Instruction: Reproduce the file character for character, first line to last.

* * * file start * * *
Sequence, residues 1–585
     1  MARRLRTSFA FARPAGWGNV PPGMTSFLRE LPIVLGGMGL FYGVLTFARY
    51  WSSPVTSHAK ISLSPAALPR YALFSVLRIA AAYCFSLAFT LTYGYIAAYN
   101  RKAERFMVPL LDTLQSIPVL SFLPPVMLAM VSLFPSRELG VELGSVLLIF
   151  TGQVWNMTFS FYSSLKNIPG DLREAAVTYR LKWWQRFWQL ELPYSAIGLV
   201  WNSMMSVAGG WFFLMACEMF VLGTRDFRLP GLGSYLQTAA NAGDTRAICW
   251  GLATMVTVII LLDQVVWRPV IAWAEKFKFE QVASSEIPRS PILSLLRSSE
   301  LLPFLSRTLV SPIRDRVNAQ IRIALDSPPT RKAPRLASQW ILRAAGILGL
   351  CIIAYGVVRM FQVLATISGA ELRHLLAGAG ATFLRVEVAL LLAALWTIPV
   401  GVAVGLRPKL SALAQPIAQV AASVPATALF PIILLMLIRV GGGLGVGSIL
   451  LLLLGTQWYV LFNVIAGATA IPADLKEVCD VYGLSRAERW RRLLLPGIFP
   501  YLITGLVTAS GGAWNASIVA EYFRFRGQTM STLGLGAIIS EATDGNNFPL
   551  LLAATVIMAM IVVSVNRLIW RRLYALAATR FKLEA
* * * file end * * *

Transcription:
Sequence, residues 1–585
     1  MARRLRTSFA FARPAGWGNV PPGMTSFLRE LPIVLGGMGL FYGVLTFARY
    51  WSSPVTSHAK ISLSPAALPR YALFSVLRIA AAYCFSLAFT LTYGYIAAYN
   101  RKAERFMVPL LDTLQSIPVL SFLPPVMLAM VSLFPSRELG VELGSVLLIF
   151  TGQVWNMTFS FYSSLKNIPG DLREAAVTYR LKWWQRFWQL ELPYSAIGLV
   201  WNSMMSVAGG WFFLMACEMF VLGTRDFRLP GLGSYLQTAA NAGDTRAICW
   251  GLATMVTVII LLDQVVWRPV IAWAEKFKFE QVASSEIPRS PILSLLRSSE
   301  LLPFLSRTLV SPIRDRVNAQ IRIALDSPPT RKAPRLASQW ILRAAGILGL
   351  CIIAYGVVRM FQVLATISGA ELRHLLAGAG ATFLRVEVAL LLAALWTIPV
   401  GVAVGLRPKL SALAQPIAQV AASVPATALF PIILLMLIRV GGGLGVGSIL
   451  LLLLGTQWYV LFNVIAGATA IPADLKEVCD VYGLSRAERW RRLLLPGIFP
   501  YLITGLVTAS GGAWNASIVA EYFRFRGQTM STLGLGAIIS EATDGNNFPL
   551  LLAATVIMAM IVVSVNRLIW RRLYALAATR FKLEA